When visiting Vietnam, a photographer Ton Koene was surprised of motorcyclists who can carry cumbersome items behind and travel easily. Western Tourists Are Surprised Of Vietnamese Motorcyclists.
These jaw-dropping scenes from the streets of Vietnam will leave even seasoned tourists wondering if there is anything these motorcyclists can’t balance on the back of a rusty old bike or scooter.
Photographer Ton Koene captured the delivery drivers as they transported everything from trees and bags filled with live fish to cases of bottled beer and massive boxes.
An assortment of exotic fish is in bags and ready for sale, cleverly attached to this man’s beaten-up motorbike.
This man’s motorbike was almost completely obscured by piping as he cruised along a street in Vietnam.
Even seasoned tourists are left wondering if there is anything these motorcyclists can’t balance on the back of a rusty motorbike.
There’s seemingly no measure to what can be packed onto the back of a bike or scooter in Southeast Asia.
The amazing scenes play out on a daily basis in Vietnam, but they’re an eye-opener for Western tourists who aren’t accustomed to seeing such things.
Ton’s photos show the riders carrying almost everything imaginable on the backs of their small motorbikes.
Getting around on two wheels is a way of life in Vietnam where there are more than 37 million motorbikes (and only a few million cars).
Motorbikes are the cheapest mode of transport in Vietnam and very useful for navigating crowded and narrow streets
He said: ‘There is really nothing in the world that Vietnamese can’t transport with their scooters. Fat pigs, big sewage pipes, bamboo poles, carton boxes or the entire family including the grandmother and the dog.
‘With the upcoming economy, owning a scooter is a symbol of freedom and wealth, like it is for people in many other countries to have a car.’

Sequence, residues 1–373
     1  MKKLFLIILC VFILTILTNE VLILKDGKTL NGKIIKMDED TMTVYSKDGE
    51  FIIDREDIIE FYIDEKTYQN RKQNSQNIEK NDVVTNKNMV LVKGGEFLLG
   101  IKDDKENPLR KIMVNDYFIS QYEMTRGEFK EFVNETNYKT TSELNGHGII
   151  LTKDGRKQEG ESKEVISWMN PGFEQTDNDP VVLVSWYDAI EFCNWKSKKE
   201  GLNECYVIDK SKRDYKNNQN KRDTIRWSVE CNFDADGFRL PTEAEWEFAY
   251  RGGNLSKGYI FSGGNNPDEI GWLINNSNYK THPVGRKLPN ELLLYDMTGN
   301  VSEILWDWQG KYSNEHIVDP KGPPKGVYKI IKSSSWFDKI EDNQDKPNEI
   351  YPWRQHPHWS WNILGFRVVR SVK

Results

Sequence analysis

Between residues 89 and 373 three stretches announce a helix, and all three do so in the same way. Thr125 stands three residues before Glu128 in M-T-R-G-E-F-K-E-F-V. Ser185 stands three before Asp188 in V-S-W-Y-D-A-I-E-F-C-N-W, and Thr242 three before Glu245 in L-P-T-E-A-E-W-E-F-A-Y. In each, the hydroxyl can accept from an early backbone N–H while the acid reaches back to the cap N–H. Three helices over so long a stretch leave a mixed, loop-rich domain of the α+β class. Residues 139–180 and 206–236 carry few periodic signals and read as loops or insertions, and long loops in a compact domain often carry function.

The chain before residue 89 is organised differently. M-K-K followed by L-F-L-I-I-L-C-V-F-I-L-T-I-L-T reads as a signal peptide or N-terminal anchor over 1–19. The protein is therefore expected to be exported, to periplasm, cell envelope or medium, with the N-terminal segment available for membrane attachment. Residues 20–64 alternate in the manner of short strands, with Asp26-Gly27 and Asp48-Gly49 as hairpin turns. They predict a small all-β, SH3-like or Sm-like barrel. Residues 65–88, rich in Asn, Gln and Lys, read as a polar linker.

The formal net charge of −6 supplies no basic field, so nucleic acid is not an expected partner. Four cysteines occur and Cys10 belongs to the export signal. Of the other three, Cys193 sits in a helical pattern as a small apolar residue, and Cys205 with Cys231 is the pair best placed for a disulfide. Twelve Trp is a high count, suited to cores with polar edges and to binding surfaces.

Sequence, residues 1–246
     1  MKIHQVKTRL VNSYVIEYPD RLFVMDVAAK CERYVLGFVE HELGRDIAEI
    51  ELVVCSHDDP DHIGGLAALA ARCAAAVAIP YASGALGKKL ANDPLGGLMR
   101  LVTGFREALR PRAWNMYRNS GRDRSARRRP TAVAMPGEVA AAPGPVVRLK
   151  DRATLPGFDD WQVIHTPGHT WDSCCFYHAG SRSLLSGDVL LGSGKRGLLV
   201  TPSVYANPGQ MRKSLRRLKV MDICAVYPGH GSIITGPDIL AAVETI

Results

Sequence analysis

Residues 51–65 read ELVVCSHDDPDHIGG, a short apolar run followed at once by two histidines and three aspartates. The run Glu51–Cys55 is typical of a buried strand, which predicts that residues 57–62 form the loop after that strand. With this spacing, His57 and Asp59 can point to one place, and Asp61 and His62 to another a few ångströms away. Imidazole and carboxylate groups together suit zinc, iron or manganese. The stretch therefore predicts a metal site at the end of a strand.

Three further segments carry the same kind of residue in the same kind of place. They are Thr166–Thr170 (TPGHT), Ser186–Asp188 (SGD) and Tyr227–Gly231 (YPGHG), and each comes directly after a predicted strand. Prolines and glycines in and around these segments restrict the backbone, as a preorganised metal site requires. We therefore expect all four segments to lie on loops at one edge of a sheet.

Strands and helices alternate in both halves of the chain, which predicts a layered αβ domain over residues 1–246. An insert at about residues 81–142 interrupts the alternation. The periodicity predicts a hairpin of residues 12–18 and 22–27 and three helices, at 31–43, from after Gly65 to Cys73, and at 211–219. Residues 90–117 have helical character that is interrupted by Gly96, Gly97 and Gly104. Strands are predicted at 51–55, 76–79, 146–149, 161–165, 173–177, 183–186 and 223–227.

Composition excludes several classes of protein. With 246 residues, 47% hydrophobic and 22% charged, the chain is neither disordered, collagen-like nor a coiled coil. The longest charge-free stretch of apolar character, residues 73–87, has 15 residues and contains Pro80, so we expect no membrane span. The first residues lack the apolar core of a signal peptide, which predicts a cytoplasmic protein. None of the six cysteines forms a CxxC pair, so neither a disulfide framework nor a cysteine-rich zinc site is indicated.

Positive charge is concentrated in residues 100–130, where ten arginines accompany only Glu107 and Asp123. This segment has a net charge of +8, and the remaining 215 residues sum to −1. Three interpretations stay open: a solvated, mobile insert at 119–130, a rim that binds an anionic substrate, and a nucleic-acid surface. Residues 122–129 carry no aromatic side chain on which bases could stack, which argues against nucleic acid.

‘Normal city cars are too expensive and not very handy in the narrow streets of the crowded city where parking a car is impossible.
‘Your motorbike, however, can be parked anywhere on the site-walk.’
The riders are often dwarfed by their cargo as they cruise through the streets of Hanoi and other cities
With so many motorbikes and scooters, pedestrian safety and the availability of parking spaces are issues, in addition to air pollution, especially in larger cities such as Hanoi.
When tourists climb onto a motorbike it can be an overwhelming and dangerous experience.
Ton said: ‘Tourists love the motorbikes but are often inexperienced driving on unpaved road in rural areas or in extremely chaotic and congested traffic in the cities.
‘Every day one can see youngsters from Europe, America and Australia walking in the streets with serious wounds and injuries as a result of scooter accidents.’
He added: ‘After a day walking in the city, one can get mad by the never ending loud engine and honking noise of the always surrounding scooters.
One image shows a man’s motorbike almost completely obscured by bundles of piping, while another rider looks like he could float away as he hauls a giant sack of inflated balloons.
Ton said there are about 30 million two-wheeled motorized vehicles in Vietnam and they make up more than 90 per cent of all the country’s vehicles.
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